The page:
How to Evaluate a Binocular
There are some reasonable-quality inexpensive
binoculars available nowadays. There are even more very poor quality inexpensive
binoculars available. Here's some hints on telling the difference. These tests
are done in daylight., either in the shop or at home if you bought by mail order
(you did check the returns policy, didn't you??)
If you are satisfied with the binocular you have evaluated, buy that one, not an untested one in an unopened box!
- Reject zoom binoculars. A decent zoom binocular for astronomy has yet to be made.
- Reject any with "ruby" coated lenses. Ruby coatings are a
gimmick designed to disguise poor optics.
- Reject quick-focus binoculars. They are also quick-defocus and are
exceptionally difficult to focus properly.
- Give them a good shake. Reject any that have any internal noise.
- If they are of Zeiss (aka "European") construction (objective barrels screw into the prism housing), check that they are not cross-threaded. The tell-tale sign is an uneven gap between the objective tube and the prism housing.
- With a bright light behind you, look into the objective end of the binocular for signs of dust or other foreign matter.
- Check that the focus mechanism is smooth throughout its range, with
no loose spots and no binding.
- Check that the right-eyepiece dioptre adjustment is smooth
throughout its range, with no loose spots and no binding.
- Check that the hinge is smooth throughout its range, with no loose
spots and no binding.
- Check that the bridge connecting the eyepieces (in porro-prism
binoculars) does not rock under light or moderate pressure. This will cause the
eyepieces to defocus in use.
- If they are to be used with spectacles, verify that the full
field of view is available with the eyecups folded down and the binocular at
"spectacle distance" (about 25mm). The edge of the field of view
should be a sharp black circle.
- Fold-down rubber eyecups should be checked for splitting. You should also check under them (by sight and/or palpation through the rubber) to make sure that they are not concealing any damage to the eyepiece tubes.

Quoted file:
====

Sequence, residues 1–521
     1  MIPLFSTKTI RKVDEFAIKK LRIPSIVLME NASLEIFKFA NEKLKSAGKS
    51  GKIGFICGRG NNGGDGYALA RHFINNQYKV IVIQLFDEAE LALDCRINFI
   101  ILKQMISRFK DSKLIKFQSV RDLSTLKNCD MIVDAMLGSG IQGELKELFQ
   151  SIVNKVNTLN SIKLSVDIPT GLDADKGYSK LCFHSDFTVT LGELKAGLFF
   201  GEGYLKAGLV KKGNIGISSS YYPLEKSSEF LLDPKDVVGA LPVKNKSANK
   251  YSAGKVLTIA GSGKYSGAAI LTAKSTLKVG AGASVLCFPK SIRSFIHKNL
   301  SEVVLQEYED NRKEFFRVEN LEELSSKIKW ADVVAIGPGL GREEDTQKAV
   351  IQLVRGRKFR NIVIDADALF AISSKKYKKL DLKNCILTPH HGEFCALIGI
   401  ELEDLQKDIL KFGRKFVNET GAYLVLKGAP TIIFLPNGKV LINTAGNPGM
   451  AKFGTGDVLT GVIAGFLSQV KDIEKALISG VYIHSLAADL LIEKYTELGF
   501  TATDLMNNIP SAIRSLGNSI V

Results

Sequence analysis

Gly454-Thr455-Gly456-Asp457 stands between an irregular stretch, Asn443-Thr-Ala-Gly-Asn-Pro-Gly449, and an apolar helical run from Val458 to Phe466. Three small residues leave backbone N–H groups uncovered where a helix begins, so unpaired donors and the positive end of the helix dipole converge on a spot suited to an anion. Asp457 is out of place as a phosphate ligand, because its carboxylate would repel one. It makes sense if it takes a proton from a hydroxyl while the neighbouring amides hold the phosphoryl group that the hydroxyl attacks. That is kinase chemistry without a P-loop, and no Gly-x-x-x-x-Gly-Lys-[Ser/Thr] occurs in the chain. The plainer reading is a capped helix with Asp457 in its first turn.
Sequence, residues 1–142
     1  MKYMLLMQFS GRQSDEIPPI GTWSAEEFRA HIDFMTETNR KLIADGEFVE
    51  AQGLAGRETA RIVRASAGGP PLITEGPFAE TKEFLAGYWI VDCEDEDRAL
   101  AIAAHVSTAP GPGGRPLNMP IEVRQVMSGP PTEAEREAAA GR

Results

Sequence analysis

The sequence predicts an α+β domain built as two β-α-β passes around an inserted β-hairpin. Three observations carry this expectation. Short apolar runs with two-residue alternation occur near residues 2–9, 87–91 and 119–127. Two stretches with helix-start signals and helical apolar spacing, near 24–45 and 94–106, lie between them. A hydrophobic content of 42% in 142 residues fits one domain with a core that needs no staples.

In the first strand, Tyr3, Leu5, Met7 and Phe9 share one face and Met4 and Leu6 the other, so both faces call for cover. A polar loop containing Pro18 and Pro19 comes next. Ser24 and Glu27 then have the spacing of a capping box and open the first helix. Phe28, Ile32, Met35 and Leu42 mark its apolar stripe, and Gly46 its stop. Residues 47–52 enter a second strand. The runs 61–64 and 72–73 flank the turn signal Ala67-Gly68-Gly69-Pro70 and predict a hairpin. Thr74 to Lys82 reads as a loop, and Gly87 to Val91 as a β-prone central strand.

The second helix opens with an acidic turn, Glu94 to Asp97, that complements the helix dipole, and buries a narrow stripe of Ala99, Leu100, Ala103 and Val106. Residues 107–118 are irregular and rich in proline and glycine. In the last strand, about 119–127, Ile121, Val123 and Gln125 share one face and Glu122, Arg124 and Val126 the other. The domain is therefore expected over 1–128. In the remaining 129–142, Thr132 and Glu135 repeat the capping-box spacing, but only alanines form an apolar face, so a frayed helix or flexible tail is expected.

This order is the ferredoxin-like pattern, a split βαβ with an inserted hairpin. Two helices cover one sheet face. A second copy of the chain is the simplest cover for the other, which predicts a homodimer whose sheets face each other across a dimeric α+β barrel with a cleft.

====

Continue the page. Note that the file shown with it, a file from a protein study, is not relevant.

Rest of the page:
- Twist-up eyecups should be checked for smoothness of operation and that they lock in place when extended or in steps (as appropriate). You should also check under the rubber cups (by sight and/or palpation through the rubber) to make sure that they are not concealing any damage to the eyepiece tubes.
Check that your interpupillary distance (IPD) can be accomodated by the binoculars. In particular, if you have close-set eyes and/or a wide nose bridge, ensure that your nose can be physically accomodated between the eyepieces of the binoculars. This is a particular problem with some wide-angle eyepieces.
- Hold them at arm's length and look into the eyepieces. Is there a round circle of light, or is it diamond-shaped? If the latter, the prisms are under-sized (cost-cutting). If the cut-off bits are blue-grey, then it's full sized prisms, but they are BK7. This need not be a problem for binoculars used in good light or with narrow fields of view.
- Some budget binoculars effectively stop down the aperture internally; this often makes a 10x50 effectively a 10x42, or a 15x70 effectively a 15x63. You can check for this with a piece of graph paper ruled in millimetres; Hod it behind the eyepiece with the binocular pointing towards an open window or distant light source (not the Sun!), and move the paper until you have the smallest possible circle of light. The size of this circle should be the aperture divided by the magnification in millimetres (e.g. a 10x50 should give you a circle of 50mm/10 = 5mm diameter). If it is smaller, there is probably internal stopping that reduces the effective aperture (a reduction of less than 5% should not alarm you, since this could be due to an increased magnification that falls within industry-standard tolerances). For a more accurate method of measuring aperture, see here.